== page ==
* Main city wall of Minas Tirith.
     
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  4. skip.knox

    skip.knox toujours gai, archie Moderator

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    What I can never figure is, if it's indestructible, how is it shaped? You can't sharpen something to a point without destroying a bit of it. You can't poke a hole in it, or make armor or pretty much do anything with it except find interesting pieces for wall art, like finding driftwood.

    Also, since matter can neither be created nor destroyed, everything's indestructible, right?

    Yes, yes, I know. Nobody asked me. :)

    Good article, mate.
     
  5. Insolent Lad

    Insolent Lad Sage

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    It could harden after being shaped, like concrete. Or it could even be 'grown' like some sort of crystal-thingy.
     
  6. Aldarion

    Aldarion Sage

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    Thanks.

    There are actually several possibilities:
    1. It is only indestructible by weapons utilized, not indestructible overall. This means that it can be shaped by whatever can affect it, and new weapons may appear that will render it destructible.
    2. It is destructible, but only by means which are impractical for weapons utilization in the period. For example, if material is vulnerable to slow heating on extreme temperatures - well, you may be able to technically achieve such conditions, but can you use that as a weapon? Not until you get to lasers.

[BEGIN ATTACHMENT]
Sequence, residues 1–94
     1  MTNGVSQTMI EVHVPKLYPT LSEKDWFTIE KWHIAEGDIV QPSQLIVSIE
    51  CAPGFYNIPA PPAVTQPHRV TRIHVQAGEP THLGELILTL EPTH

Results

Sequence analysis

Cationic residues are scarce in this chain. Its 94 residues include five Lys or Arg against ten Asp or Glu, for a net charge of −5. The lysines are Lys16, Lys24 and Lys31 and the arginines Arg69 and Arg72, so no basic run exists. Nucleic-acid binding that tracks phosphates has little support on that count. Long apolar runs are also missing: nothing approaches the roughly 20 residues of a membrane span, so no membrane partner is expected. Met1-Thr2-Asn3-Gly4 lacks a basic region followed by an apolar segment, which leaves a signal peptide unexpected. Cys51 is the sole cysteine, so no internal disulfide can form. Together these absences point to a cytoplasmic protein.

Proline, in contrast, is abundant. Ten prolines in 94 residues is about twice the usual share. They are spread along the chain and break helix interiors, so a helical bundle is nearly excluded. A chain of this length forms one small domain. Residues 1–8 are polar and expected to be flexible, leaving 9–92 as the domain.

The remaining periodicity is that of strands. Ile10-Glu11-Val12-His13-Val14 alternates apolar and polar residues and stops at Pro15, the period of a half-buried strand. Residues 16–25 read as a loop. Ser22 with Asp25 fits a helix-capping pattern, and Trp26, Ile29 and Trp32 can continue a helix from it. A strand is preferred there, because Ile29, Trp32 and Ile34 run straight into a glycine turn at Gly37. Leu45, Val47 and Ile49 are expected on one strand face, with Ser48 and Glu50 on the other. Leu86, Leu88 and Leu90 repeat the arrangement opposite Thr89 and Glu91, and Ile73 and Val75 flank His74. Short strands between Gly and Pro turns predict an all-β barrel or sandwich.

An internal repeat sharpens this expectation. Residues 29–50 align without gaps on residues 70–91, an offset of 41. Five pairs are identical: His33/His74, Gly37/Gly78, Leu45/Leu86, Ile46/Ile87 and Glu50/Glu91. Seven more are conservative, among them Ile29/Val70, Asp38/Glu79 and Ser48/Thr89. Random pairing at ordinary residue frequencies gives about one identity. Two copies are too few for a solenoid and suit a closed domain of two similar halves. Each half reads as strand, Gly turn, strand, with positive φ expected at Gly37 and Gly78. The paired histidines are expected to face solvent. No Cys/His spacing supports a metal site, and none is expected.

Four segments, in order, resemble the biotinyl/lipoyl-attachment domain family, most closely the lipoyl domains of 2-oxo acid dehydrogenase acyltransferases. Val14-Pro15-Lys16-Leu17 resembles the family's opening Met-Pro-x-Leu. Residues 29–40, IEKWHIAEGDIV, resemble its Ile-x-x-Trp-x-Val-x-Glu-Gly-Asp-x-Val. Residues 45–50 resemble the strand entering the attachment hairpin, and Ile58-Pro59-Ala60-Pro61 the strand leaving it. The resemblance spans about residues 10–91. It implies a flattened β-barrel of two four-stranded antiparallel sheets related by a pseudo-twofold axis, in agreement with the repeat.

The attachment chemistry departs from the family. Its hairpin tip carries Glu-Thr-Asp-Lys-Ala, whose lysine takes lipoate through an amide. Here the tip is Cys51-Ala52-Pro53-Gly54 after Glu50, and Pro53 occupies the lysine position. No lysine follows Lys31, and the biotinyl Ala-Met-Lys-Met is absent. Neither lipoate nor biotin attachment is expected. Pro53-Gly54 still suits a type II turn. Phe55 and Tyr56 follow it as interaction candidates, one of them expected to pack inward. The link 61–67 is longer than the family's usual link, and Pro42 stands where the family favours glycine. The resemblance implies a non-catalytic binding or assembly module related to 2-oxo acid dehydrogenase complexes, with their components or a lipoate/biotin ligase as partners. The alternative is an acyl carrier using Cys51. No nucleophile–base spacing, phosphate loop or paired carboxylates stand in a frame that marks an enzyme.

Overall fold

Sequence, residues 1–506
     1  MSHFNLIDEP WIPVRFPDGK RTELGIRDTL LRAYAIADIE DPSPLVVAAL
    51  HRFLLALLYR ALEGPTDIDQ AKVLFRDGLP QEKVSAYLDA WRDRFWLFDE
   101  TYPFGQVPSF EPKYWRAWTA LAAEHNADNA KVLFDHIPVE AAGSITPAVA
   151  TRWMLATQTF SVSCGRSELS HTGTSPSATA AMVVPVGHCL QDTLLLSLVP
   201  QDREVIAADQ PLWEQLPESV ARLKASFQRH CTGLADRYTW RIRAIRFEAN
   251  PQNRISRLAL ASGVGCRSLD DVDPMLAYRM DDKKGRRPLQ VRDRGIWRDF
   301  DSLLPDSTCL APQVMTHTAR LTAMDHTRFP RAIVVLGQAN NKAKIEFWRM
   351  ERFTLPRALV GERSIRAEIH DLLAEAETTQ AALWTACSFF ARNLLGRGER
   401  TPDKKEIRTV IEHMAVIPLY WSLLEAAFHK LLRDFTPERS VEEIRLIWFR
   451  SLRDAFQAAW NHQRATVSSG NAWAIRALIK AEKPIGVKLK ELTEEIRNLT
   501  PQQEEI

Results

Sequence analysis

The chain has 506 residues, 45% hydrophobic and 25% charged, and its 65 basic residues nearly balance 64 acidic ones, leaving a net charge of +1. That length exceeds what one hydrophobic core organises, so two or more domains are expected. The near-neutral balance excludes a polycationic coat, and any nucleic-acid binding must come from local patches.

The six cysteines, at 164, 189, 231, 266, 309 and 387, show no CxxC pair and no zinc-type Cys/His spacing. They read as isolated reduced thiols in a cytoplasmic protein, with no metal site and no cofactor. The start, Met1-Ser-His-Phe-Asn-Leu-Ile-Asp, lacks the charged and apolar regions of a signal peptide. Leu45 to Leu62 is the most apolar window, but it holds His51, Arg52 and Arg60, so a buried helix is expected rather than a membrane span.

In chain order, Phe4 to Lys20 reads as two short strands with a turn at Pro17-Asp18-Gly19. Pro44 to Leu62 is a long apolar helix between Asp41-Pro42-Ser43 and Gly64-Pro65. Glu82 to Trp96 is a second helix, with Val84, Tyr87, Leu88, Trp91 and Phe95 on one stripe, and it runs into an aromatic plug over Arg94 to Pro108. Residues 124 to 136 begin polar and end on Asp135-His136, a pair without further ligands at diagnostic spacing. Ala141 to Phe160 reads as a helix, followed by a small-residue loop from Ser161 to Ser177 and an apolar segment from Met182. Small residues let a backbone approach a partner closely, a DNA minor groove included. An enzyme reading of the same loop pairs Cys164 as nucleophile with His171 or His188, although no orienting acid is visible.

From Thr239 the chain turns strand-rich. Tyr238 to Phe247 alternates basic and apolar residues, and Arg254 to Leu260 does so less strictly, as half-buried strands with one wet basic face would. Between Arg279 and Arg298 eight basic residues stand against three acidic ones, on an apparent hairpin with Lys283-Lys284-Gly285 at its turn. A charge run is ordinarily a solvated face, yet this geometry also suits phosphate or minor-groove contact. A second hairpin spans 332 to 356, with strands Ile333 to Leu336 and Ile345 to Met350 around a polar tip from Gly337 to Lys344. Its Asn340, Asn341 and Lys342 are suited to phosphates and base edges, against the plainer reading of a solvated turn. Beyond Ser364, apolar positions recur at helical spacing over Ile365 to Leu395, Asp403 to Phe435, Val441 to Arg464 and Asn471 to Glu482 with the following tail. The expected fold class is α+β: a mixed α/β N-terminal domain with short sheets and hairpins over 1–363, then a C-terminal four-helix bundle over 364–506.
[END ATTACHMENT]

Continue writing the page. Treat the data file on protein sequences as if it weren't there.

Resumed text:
3. It is a composite of several materials, and process of mixing and cooling them changes physical/atomic/crystalline structure of material in a way that later renders it indestructible even to processes used to create material in the first place. Kinda like diamond on steroids.
    4. And of course, everyone's favourite:
    [​IMG]
     
  7. Yora

    Yora Inkling

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    In theory you can tell stories with anything. The question always is what you want to say with it.
    Indestructable materials seem to fall into the category with other things that are good for silly nonsense fun, but I see little use in them for stories that try to feel plausible.

    Creating materials that are much more harder to break or deform than it is to make them is actually not that difficult or strange. There are a lot of materials that change their properties very significantly when heated and allowed to cool down. Take different powders, mix them, add water, shape them, and then burn them, and the resulting ceramic will have very different properties than the stuff you crushed into powders.
    While not indestructable, carbides can be stupidly hard.
     
  8. Yora

    Yora Inkling

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  9. Aldarion

    Aldarion Sage

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    I am familiar with his videos. Good stuff. EDIT: Other good Youtubers, though not necessarily for castles, are Scholagladiatoria, Lindybeige, Kings and Generals, and BazBattles.